Rapid-acting insulins are in a form that the body can absorb right away, without having to break it down. With regular insulin, the body needs to reduce the insulin protein chain to a smaller size before it can be absorbed and go to work. It can take over 30 minutes from the time regular insulin is injected until it starts working on cells. With rapid-acting insulins, this time is cut in half, so there’s less room for error. It goes to work almost as fast as naturally produced insulin does.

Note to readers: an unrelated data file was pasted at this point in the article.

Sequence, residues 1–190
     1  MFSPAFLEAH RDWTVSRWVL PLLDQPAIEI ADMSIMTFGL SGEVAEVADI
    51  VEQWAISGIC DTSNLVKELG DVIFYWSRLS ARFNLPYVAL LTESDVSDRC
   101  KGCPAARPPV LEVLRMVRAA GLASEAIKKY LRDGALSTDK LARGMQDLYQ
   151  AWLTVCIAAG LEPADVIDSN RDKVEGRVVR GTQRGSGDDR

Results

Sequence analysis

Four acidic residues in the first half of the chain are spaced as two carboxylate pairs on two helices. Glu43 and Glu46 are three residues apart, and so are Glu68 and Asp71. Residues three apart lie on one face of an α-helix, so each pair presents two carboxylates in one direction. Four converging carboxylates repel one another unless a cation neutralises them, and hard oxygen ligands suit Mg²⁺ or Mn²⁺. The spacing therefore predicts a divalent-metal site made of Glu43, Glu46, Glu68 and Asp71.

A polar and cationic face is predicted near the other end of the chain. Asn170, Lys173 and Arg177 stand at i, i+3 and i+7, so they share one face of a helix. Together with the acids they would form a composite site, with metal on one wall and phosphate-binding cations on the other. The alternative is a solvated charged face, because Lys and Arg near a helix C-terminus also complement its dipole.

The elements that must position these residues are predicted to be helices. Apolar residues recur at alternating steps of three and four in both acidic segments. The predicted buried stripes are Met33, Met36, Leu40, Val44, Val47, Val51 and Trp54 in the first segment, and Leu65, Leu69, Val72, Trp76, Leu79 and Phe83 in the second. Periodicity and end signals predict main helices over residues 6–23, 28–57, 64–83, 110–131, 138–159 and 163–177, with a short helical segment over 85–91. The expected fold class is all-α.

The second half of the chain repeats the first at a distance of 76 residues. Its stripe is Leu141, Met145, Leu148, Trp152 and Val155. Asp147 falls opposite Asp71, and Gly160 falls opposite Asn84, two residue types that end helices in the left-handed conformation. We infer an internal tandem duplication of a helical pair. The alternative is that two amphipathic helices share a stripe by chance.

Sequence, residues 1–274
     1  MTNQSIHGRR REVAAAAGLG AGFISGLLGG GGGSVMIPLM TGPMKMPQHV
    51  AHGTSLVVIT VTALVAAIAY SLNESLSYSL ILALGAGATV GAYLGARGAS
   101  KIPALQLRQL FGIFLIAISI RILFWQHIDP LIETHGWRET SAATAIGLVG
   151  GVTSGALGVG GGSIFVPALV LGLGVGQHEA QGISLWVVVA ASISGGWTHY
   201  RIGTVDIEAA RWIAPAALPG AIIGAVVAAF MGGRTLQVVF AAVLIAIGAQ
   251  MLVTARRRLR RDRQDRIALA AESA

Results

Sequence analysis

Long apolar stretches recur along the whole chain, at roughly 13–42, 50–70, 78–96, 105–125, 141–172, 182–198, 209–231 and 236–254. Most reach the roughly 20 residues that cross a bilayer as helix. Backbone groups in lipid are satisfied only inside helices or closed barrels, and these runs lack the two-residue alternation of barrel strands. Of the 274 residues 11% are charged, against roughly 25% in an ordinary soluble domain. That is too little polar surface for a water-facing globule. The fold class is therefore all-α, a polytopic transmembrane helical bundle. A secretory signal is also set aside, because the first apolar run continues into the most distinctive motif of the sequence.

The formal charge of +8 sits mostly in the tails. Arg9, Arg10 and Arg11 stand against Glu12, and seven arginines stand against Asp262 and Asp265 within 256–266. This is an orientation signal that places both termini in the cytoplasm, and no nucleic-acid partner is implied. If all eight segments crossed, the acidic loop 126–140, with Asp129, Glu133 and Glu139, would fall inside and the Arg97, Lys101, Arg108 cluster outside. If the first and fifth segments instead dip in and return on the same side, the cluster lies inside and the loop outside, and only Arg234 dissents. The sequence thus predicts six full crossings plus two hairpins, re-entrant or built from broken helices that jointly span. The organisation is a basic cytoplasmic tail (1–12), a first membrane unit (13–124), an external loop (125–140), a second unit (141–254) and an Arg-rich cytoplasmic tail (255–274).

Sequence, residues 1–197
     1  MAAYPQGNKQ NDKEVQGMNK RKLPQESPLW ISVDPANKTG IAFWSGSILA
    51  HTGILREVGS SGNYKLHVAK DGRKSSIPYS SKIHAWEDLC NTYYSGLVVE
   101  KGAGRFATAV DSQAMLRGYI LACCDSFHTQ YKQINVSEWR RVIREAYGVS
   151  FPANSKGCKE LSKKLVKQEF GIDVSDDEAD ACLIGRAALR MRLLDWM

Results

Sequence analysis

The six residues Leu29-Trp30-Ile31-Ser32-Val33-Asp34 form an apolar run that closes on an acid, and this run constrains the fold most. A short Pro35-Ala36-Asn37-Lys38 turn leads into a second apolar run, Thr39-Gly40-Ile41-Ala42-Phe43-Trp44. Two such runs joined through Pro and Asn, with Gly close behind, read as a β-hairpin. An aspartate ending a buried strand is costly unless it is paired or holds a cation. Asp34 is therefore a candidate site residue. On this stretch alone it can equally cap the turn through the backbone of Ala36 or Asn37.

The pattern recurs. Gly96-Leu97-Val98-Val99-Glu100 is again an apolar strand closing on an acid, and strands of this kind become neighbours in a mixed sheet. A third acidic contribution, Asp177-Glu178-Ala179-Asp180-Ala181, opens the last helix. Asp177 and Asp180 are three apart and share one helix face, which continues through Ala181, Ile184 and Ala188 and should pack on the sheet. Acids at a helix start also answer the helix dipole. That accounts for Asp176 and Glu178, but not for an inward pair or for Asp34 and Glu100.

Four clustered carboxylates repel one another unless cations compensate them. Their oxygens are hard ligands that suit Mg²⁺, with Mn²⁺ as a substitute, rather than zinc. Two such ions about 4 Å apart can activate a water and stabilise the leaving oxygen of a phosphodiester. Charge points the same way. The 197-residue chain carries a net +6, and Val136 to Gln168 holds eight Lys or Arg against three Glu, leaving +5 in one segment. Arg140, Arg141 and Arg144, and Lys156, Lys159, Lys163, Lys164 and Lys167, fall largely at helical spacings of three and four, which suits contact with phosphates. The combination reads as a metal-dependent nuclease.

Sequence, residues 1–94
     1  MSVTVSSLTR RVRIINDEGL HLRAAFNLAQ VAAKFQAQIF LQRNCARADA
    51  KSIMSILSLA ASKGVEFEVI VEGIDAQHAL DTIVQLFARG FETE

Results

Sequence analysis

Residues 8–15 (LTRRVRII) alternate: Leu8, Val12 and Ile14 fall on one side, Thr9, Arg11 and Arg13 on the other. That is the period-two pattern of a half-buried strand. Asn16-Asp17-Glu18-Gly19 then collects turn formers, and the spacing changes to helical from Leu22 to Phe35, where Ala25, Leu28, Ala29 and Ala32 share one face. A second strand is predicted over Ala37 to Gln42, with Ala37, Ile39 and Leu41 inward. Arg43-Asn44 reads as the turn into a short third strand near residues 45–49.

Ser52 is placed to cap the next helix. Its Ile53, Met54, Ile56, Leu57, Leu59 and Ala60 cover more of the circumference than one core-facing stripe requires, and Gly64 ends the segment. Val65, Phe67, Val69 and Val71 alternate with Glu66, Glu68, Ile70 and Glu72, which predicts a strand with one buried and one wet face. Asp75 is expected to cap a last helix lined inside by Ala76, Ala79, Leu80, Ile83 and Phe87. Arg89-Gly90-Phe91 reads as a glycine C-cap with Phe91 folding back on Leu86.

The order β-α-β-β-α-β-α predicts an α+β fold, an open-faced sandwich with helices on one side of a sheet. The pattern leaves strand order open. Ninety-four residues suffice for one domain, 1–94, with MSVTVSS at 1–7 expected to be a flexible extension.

Rapid-acting insulin may give you a lot more flexibility. You can count the carbohydrates in your meal and take insulin to cover that amount. If you eat an extra helping at a meal, you can take care of the carbohydrates with a booster shot right away. You may even be able to wait until you know how much carbohydrate you’ve eaten to inject these insulins. Also, because rapid-acting insulins don’t remain in the body as long as regular insulin does, you may experience fewer episodes of hypoglycemia. Ask your provider whether you could benefit from using a rapid-acting insulin.